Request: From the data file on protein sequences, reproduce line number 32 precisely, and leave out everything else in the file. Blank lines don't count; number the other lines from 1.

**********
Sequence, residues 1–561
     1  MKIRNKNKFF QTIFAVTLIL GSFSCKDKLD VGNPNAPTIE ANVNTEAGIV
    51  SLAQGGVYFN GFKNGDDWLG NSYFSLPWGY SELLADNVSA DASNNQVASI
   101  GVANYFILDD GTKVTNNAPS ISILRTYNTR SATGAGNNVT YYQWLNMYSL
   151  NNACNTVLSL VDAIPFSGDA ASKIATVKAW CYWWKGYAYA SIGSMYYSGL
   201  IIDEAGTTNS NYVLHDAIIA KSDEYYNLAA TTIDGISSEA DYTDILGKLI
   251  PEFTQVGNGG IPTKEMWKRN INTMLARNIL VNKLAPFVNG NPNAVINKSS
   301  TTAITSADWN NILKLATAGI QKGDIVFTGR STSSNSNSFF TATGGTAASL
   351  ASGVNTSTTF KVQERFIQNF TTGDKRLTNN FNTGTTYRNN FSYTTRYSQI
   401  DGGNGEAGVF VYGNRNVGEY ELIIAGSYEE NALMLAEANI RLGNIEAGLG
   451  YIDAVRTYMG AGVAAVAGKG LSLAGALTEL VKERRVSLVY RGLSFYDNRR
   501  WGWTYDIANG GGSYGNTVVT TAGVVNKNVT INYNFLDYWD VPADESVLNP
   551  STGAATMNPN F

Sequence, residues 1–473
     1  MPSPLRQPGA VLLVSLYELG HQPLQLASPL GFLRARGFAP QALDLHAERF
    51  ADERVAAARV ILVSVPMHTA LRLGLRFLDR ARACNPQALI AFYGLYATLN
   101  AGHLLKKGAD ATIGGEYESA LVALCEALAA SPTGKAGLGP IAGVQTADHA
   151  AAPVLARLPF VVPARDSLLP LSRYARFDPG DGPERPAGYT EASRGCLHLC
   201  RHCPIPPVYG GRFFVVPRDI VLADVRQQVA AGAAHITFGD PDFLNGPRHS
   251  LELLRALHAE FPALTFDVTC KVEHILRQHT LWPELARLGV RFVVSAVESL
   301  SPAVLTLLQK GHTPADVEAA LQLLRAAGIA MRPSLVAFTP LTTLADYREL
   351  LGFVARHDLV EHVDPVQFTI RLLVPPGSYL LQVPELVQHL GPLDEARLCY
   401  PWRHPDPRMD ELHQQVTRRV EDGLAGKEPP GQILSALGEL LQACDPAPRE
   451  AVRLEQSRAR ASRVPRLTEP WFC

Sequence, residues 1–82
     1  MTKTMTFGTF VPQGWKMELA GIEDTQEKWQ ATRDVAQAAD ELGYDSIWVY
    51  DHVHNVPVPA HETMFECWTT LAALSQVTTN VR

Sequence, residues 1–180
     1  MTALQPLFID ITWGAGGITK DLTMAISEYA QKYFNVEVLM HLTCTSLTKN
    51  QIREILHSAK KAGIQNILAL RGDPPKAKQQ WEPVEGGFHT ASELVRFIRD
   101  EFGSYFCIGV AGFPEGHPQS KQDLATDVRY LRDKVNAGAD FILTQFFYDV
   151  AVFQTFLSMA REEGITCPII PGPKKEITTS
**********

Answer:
   151  AVFQTFLSMA REEGITCPII PGPKKEITTS